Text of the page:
Friendship, loyalty, and love lie at the heart of Meg Waite Clayton’s beautifully written, poignant, and sweeping novel of five women who, over the course of four decades, come to redefine what it means to be family.I loved this book from the second paragraph. The book is mostly told from Frankie's point of view, but each of the other 'sisters' gets their turn. For reasons I will keep to myself for now (wouldn't want to spoil anything) I most identified with Ally. Though there was a connection with Frankie as well. I finished The Wednesday Sisters 4 days ago and those women are still with me and I think they will remain for quite awhile.
For thirty-five years, Frankie, Linda, Kath, Brett, and Ally have met every Wednesday at the park near their homes in Palo Alto, California. Defined when they first meet by what their husbands do, the young homemakers and mothers are far removed from the Summer of Love that has enveloped most of the Bay Area in 1967. These “Wednesday Sisters” seem to have little in common: Frankie is a timid transplant from Chicago, brutally blunt Linda is a remarkable athlete, Kath is a Kentucky debutante, quiet Ally has a secret, and quirky, ultra-intelligent Brett wears little white gloves with her miniskirts. But they are bonded by a shared love of both literature–Fitzgerald, Eliot, Austen, du Maurier, Plath, and Dickens–and the Miss America Pageant, which they watch together every year.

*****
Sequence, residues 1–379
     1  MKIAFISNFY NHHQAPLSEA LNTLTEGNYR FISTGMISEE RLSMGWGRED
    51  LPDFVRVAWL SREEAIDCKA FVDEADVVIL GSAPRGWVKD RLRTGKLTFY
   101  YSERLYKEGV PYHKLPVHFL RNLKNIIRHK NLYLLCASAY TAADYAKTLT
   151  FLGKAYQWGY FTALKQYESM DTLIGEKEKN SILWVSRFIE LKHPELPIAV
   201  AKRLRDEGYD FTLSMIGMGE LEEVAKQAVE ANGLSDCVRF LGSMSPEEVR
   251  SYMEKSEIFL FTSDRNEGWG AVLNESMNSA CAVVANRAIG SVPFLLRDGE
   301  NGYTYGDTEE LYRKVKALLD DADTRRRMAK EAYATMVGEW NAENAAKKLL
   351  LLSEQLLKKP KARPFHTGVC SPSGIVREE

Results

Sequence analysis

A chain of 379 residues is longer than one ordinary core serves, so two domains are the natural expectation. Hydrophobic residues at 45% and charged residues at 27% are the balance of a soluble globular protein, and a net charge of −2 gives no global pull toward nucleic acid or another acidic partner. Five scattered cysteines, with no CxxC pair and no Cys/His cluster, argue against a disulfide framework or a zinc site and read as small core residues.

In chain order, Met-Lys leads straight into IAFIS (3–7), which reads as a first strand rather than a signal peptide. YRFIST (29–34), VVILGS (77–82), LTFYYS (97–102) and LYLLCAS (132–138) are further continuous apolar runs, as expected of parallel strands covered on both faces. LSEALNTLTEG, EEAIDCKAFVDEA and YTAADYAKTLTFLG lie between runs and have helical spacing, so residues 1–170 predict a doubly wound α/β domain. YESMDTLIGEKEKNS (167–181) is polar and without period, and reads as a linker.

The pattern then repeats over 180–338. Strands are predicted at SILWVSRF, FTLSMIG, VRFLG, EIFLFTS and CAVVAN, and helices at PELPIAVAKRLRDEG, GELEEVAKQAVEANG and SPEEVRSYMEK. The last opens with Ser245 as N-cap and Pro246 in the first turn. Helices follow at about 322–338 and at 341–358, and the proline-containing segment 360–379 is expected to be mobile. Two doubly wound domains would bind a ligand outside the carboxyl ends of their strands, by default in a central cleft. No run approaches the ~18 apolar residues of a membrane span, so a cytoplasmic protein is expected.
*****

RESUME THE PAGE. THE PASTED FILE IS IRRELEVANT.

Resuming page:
As the years roll on and their children grow, the quintet forms a writers circle to express their hopes and dreams through poems, stories, and, eventually, books. Along the way, they experience history in the making: Vietnam, the race for the moon, and a women’s movement that challenges everything they have ever thought about themselves, while at the same time supporting one another through changes in their personal lives brought on by infidelity, longing, illness, failure, and success.
Humorous and moving, The Wednesday Sisters is a literary feast for book lovers that earns a place among those popular works that honor the joyful, mysterious, unbreakable bonds between friends.
This isn't only a book about the relationships these women have with each other, but also about their relationships with BOOKS! Each of these women's favorite book has an influence on the way that they see life; the color of the glasses that color their world view.
Being that I was born in 1976, I was born after the main part of The Wednesday Sisters is finished. However, Meg Waite Clayton did a great job of giving the reader enough information to understand our culture at that time (1968 to 1974).
There are so many things that I want to say about The Wednesday Sisters, but I don't want to give away all of the best/juicy parts. This is a must read!